Neobank Douugh is set to launch a 'responsible' buy now, pay later platform – and it used the announcement to take a swipe at Afterpay

Afterpay co-founder Nick Molnar. (Don Arnold, WireImage)
  • ASX-listed neobank Douugh will launch a buy now, pay later service called ‘Credit Jar’ in partnership with Humm.
  • The interest-free product will offer up to $1,000 credit, with purchases paid off in six weekly instalments.
  • Differentiating it as a “responsible” product, CEO Andy Taylor said it will be “very different to traditional point-of-sale BNPL offerings and represents a step change in the model”.
  • Visit Business Insider Australia’s homepage for more stories.

The increasingly crowded buy now, pay later (BNPL) field will be forced to make room for a new entrant that promises to offer something quite different.

Douugh, the self-styled neobank turned ‘financial wellness app’, announced on Tuesday that it would be launching its own “responsible” offering, called ‘Credit Jar’, with its own distinct take on the budding fintech niche.

“Credit Jar is very different to traditional point-of-sale BNPL offerings and represents a step change in the model, because we are treating it as a credit product, which is what we strongly believe it should be,” CEO and founder Andy Taylor said.

The stance would appear to be a direct dig at Australia’s largest BNPL platform, Afterpay, which has variously claimed to be a “customer acquisition channel” and a marketing partner, and likened itself to Google and Facebook. All of this to mount its defence as to why it should not be regulated for what it functionally is: a credit product.

Evasive tactics aside, it’s not the only beef Taylor takes with its existing competition. He frames the longstanding criticisms of some BNPL platforms as differentiating factors for Credit Jar.

“Our solution will actually help boost a customer’s credit score when repaid on time, and will only be made available to people who can easily serve it as part of their everyday budget via our responsible lending criteria,” he said.

All BNPL platforms currently determine their own criteria, with the Australian government current;y content to allow platforms to self-regulate. The sector has even gone as far as to write their own voluntary code which is entirely non-binding.

Credit Jar follows a similar basic formula to the rest of the pack. With a proposed credit limit of up to $1,000, eligible customers will be able to use the service via the Douugh app and a virtual card service, with repayments made across six weekly instalments.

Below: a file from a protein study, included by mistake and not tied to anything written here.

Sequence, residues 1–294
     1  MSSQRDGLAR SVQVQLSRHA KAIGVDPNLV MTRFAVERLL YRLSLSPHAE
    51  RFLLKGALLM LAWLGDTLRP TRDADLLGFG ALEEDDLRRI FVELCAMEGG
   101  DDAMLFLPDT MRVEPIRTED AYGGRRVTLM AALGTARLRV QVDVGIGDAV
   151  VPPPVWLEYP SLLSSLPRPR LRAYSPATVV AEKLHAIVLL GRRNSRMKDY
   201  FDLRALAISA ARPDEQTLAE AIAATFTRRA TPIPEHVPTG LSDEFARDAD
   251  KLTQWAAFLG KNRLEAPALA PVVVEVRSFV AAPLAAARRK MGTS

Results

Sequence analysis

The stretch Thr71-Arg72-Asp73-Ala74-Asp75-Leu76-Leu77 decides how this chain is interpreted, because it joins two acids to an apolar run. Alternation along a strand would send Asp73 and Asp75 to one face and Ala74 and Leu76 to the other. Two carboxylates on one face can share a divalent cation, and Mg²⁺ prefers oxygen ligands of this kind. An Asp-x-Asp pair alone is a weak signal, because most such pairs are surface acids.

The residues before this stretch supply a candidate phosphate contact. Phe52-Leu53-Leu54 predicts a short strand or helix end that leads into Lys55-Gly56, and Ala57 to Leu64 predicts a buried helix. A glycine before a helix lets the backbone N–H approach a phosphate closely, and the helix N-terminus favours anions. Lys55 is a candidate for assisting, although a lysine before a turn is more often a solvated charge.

“It will also be used anywhere that Mastercard is accepted. We believe this additional feature has the potential to really drive new customer acquisition to the Douugh App.”

It’s not the first to jump into bed with a payment giant. Just last month Zip announced its own Visa partnership, expanding its reach to basically all purchases, and proving Zip co-founder Peter Gray’s thesis that card companies aren’t a competitive threat.

While listed on the ASX, and with designs to launch into the Australian market next year, Douugh is currently only live in the US where the likes of Afterpay, Zip, Klarna and others are battling furiously for market share.

In a partnership with Humm, Credit Jar marks its first foray into the American market as well, putting down $2.5 million to form the bedrock of a $12 million funding round. As part of the agreement, Douugh will be responsible for marketing, credit decisions, repayments, and customer service while Humm will take care of the BNPL technology, credit criteria and overdue collections.

“[As Humm] partners with America’s newest neobank, we are provide ghat we can take what we have learned locally and apply it on the global stage, disrupting the payments industry and providing better customer experiences across the world,” Humm CEO Rebecca James said.

Douugh says it will make money via a forthcoming monthly subscription fee, and will follow up with an automated money management tool and new managed investment features.

With the BNPL product likely to end up in Australia in the coming year, along with Douugh’s neobank services, it’ll ultimately be consumers who choose a victor.

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